Calculations by Sheets indicate the Ceren planting fields would have produced roughly 10 metric tons of manioc annually for the 100 to 200 villagers believed to have lived there. "The question now is what these people in the village were doing with all that manioc that was harvested all at once," he said. "Even if they were gorging themselves, they could not have consumed that much."
The CU-Boulder team also found the shapes and sizes of individual manioc planting ridges and walkways varied widely. "This indicates the individual farmers at Ceren had control over their families' fields and cultivated them they way they wanted, without an external higher authority telling them what to do and how to do it," he said.
The team also found that the manioc fields and adjacent cornfields at Ceren were oriented 30 degrees east of magnetic north -- the same orientation as the village buildings and the public town center, said Sheets. "The villagers laid out the agricultural fields and the town structures with the same orientation as the nearby river, showing the importance and reverence the Maya had for water," he said.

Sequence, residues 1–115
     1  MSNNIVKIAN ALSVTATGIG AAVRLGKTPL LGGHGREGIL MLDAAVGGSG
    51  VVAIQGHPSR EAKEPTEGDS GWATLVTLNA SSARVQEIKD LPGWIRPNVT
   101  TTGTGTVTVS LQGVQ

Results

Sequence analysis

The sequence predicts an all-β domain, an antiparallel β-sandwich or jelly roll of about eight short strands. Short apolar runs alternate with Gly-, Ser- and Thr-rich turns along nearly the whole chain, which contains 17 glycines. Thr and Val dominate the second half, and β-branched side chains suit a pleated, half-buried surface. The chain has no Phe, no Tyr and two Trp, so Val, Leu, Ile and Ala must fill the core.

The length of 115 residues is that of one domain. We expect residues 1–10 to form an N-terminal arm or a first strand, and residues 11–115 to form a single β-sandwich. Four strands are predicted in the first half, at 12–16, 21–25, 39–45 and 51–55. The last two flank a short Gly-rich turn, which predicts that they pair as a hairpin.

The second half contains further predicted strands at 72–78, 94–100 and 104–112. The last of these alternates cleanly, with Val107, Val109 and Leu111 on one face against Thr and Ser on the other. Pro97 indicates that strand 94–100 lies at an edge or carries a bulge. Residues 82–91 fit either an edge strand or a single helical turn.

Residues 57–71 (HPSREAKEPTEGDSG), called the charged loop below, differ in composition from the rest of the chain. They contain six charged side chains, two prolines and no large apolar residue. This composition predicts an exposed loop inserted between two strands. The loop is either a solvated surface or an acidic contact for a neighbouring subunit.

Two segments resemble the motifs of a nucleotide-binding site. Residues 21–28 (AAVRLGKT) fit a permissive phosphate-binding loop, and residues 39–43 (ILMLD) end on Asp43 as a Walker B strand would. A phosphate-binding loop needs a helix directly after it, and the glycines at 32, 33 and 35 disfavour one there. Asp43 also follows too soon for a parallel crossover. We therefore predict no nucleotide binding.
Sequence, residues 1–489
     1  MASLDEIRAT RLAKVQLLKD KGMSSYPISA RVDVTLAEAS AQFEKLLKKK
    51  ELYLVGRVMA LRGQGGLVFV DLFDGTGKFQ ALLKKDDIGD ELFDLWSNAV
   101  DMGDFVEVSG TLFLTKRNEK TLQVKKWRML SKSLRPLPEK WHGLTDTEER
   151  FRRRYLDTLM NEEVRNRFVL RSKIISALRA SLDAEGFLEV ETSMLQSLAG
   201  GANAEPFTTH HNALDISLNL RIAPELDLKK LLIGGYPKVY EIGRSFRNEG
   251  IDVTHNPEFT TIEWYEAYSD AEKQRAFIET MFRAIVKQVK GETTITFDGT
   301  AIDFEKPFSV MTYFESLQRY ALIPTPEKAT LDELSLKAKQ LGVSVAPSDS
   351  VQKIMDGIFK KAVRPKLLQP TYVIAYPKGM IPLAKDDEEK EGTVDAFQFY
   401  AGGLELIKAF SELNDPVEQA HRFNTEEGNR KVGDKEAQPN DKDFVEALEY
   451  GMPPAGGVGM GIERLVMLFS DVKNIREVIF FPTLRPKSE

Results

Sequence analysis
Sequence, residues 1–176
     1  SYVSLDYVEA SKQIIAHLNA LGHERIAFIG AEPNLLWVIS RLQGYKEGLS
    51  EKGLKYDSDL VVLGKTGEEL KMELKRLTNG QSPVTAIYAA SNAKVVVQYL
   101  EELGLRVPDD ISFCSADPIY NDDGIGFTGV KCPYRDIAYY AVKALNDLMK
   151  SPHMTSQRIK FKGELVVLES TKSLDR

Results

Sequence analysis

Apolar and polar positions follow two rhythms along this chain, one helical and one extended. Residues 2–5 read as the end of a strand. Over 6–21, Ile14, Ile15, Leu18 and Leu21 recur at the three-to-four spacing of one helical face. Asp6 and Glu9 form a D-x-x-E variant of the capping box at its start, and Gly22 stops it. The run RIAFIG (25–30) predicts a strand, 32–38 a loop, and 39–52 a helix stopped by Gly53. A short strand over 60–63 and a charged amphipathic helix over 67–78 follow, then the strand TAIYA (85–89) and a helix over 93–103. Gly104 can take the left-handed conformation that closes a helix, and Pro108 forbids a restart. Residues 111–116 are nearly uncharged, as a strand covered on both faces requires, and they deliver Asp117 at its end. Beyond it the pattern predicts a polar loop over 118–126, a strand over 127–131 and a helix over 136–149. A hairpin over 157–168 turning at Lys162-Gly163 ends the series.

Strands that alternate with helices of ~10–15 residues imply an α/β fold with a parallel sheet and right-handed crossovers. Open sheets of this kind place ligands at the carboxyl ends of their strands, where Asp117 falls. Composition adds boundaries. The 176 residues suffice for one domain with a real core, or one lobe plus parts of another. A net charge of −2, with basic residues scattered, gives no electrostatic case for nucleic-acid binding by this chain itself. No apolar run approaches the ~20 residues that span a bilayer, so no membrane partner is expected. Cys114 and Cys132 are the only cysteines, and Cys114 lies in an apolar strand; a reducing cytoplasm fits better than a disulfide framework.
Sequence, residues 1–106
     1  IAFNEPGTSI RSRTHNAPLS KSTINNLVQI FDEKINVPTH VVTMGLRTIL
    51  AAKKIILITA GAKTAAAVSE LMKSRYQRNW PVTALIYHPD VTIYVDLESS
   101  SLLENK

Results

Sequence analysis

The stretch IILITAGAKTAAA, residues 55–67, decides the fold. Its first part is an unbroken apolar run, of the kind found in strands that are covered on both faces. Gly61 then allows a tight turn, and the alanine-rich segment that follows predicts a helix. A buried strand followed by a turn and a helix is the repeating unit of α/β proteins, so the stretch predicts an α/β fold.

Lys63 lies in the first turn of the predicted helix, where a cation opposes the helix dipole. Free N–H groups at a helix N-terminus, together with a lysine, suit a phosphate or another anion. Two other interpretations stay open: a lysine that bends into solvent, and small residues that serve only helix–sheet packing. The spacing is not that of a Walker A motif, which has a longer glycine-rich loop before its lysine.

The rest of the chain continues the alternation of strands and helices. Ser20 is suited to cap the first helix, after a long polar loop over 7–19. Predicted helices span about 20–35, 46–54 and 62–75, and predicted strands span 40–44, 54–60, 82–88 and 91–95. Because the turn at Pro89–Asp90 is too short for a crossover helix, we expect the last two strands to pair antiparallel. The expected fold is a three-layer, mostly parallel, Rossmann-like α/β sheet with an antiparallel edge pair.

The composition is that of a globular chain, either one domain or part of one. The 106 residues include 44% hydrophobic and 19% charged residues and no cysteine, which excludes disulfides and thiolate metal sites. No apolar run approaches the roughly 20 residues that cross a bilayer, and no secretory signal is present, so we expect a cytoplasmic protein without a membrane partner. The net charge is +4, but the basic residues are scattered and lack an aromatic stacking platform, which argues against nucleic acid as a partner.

Sheets said Maya villagers living in the region today have a long tradition of cutting manioc roots into small chunks, drying them eight days, then grinding the chunks into a fine, flour-like powder known as almidón. Almidón can be stored almost indefinitely, and traditionally was used by indigenous people in the region for making tamales and tortillas and as a thickening agent for stews, he said.
Since indigenous peoples in tropical South America use manioc today to brew alcoholic beverages, including beer, the CU-Boulder team will be testing ceramic vessels recovered from various structures at Ceren for traces of manioc.
Sheets is particularly interested in vessels from a religious building at Ceren excavated in 1991. The structure contained such items as a deer headdress painted red, blue and white; a large, alligator-shaped painted pot; the bones of butchered deer; and evidence that large quantities of food items like meat, corn, beans and squash were prepared on-site and dispensed to villagers from the structure, said Sheets.